Yorkshire cycling website


'Best cyclist safety initiative ever' by West Midlands Police

Cycling UK has described an operation by West Midlands Police (WMP) in partnership with Birmingham City Council as 'the best cyclist road safety initiative ever'.

Officers on bikes note details of drivers who pass them too close, and radio them ahead to colleagues in cars, who intercept the drivers at a holding point. Most drivers can opt for 15 minutes of education at the roadside, but repeat offenders, or drivers who pass dangerously close, will be prosecuted.

Cycling UK's Road Safety & Legal Campaigner Duncan Dollimore said, 'Cyclists have been campaigning about close passes for years, with limited success...This is the first time a police force has come forward with a plan to prioritise enforcement against close pass drivers. It is quite simply the best cyclist safety initiative by any police force ever.'

A WMP blog post dated 9th September 2016 explains that a close pass is the most common complaint they receive from cyclists - a due care and attention offence. However, of the 530 cyclists killed or seriously injured (KSI) in the West Midlands between 2010 and 2014, 98% involved another vehicle, and 75% occurred at or within 20 metres of a junction. So although close passes are the cyclists' biggest concern, most KSIs occur because a driver fails to see a person on a bike at a junction. The blog says, '...drivers are trained and habitually look for other vehicles when negotiating junctions and show a total disregard when it comes to looking for or being aware of vulnerable road users...'

The blog goes on to explain that WMP decided to enforce the law. When someone fails to give a cyclist the time and space they need, or doesn't see them at all, the person must expect to be prosecuted. 'Once drivers become aware that an infringement involving a cyclist is one they should expect to be prosecuted for, they suddenly become more aware of them on the road and in turn start giving them the time and space they should lawfully have as a an equal road user.'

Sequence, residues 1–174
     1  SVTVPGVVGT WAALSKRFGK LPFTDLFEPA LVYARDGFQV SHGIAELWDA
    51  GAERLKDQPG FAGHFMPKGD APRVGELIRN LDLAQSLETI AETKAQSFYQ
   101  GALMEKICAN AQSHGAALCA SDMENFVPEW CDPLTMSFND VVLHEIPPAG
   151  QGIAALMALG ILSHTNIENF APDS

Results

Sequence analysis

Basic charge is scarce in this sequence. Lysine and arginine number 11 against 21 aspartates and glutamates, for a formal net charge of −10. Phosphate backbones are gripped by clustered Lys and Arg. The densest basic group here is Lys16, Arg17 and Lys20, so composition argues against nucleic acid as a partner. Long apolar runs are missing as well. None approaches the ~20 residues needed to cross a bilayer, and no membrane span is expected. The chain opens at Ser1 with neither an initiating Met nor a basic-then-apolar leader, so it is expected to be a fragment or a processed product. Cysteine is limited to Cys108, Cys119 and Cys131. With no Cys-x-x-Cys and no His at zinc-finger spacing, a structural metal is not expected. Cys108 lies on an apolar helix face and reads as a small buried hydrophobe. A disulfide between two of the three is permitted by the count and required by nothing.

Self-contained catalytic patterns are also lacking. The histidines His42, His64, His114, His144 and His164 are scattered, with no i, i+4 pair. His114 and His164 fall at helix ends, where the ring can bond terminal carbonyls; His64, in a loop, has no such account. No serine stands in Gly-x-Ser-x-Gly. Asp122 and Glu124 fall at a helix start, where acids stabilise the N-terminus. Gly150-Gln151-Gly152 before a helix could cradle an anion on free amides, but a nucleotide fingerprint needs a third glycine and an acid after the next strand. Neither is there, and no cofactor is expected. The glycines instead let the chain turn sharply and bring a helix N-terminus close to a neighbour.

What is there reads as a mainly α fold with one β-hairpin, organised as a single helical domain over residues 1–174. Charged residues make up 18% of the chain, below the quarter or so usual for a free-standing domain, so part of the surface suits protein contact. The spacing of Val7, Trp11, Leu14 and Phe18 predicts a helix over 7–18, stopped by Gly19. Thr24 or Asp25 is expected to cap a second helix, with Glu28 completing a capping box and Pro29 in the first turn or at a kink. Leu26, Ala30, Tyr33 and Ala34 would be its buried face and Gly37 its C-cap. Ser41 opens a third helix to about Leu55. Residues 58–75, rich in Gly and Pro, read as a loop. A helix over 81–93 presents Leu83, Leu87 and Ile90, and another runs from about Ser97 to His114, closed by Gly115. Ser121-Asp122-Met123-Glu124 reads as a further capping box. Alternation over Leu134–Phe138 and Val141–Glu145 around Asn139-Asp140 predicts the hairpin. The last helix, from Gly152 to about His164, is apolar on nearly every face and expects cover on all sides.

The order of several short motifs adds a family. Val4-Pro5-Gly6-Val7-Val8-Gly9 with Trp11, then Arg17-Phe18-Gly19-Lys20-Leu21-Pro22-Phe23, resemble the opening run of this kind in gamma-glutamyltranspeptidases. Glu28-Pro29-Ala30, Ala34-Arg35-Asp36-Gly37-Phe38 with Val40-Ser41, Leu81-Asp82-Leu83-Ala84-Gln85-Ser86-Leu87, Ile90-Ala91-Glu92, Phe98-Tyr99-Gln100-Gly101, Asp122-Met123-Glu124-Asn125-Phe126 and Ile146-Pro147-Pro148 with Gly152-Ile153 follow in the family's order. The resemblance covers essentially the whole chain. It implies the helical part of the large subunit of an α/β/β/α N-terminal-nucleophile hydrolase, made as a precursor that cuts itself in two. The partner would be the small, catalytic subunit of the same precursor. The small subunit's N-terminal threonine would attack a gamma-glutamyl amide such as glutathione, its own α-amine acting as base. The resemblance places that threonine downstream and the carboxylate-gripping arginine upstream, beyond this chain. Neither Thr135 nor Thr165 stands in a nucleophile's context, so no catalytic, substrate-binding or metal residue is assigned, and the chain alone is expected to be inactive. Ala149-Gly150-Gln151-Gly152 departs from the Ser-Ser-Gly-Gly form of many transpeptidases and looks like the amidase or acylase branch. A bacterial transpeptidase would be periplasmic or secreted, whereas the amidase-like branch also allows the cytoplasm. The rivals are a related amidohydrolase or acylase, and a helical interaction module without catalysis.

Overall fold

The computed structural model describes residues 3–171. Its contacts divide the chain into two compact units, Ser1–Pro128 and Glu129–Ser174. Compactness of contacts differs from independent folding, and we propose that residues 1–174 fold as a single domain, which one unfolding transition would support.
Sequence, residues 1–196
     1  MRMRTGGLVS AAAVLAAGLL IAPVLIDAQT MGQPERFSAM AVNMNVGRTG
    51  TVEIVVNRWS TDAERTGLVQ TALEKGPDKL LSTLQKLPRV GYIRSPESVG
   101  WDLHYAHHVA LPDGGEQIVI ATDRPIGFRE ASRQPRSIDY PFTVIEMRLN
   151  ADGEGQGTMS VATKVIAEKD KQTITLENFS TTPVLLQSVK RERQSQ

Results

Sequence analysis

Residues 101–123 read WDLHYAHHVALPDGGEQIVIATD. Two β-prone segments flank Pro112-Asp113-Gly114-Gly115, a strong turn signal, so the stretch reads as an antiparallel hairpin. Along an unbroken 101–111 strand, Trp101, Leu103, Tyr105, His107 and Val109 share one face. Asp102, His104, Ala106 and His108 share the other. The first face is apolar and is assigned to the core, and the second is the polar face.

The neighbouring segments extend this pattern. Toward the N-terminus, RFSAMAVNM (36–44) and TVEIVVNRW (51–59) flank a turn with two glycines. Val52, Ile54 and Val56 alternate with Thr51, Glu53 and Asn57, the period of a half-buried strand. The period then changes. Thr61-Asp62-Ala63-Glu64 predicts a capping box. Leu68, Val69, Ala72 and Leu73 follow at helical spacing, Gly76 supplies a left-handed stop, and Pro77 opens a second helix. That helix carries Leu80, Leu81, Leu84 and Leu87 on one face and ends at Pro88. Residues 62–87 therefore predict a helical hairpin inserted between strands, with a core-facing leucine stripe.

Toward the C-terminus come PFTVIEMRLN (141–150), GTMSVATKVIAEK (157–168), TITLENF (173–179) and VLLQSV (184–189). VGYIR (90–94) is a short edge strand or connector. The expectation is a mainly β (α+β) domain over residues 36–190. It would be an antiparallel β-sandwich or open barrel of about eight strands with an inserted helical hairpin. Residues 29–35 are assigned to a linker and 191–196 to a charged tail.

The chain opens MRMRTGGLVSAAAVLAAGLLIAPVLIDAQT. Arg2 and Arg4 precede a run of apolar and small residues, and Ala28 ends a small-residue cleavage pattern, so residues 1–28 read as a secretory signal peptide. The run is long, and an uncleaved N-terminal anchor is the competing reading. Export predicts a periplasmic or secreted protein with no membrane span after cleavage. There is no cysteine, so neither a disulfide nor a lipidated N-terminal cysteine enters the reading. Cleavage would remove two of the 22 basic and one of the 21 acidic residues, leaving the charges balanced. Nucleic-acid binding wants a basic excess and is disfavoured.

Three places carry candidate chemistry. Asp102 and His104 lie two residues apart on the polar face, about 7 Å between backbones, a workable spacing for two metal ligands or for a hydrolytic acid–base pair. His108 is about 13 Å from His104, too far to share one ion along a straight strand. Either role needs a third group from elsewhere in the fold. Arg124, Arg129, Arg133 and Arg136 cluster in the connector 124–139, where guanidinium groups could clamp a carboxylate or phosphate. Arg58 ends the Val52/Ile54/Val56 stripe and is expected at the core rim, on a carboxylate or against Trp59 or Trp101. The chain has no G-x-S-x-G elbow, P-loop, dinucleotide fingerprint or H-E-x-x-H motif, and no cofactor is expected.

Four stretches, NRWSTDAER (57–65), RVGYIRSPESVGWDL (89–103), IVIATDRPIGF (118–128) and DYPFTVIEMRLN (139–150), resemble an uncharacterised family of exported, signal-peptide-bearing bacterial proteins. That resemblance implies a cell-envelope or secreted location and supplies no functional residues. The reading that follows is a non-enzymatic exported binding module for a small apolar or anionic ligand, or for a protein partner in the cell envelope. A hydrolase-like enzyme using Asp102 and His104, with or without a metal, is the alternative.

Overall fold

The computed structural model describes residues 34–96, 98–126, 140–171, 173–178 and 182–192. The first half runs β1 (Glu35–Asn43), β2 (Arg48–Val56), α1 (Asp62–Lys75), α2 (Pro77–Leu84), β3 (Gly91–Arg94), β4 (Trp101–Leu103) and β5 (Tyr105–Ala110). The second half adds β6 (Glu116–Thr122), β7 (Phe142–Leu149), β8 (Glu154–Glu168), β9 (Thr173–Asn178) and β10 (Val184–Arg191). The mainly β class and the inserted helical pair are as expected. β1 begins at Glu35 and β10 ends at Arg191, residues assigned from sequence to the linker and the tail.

It continues, '...statistical analysis shows that [cyclists] aren't to blame, innocent in the majority of KSI collisions, [so] it would be a waste of our time, and thus public time and money to concentrate on cyclist behaviour.'

The close pass scheme has been chosen as a proactive way to protect vulnerable road users. When drivers opt for education, it involves showing them how far they should be from a cyclist - WMP have chosen 1.5m as a minimum. It will be a greater distance for some vehicle types, and at higher speeds.

Station Parade has worst air quality in Harrogate district

15th September 2016

Station Parade taxi rank, Harrogate

Harrogate's air quality deteriorated in 2015. The worst single location for nitrogen dioxide pollution is the taxi rank on Station Parade, Harrogate. Read about Station Parade has worst air quality in Harrogate.

Use part of sugar tax for active travel to school, campaigners urge

17th September 2016

In a letter to the Guardian, campaigners have urged the government to commit the unallocated part of the sugar tax to enabling children to walk or cycle to school. Sam Jones of Cycling UK explains that only £169m of the total £520m expected to be raised has so far been allocated. 

The letter points out that only 2% of children go to school by bike, and 41% walk. Sugar tax funds could be used to strengthen the governement's cycling and walking strategy. Walking or cycling to school builds physical activity into a daily routine. 'During the Olympics, the government showed what can be achieved through substantial investment in sport. Now let us invest in more than just gold medals, by funding the health and prosperity of our next generation.' 

The letter's signatories include the Chief Executives of the British Liver Trust, Cycling UK, Sustrans, and the Royal Society for Public Health.

Station Parade taxi rank, HarrogateChris BoardmanStation Parade, Harrogate

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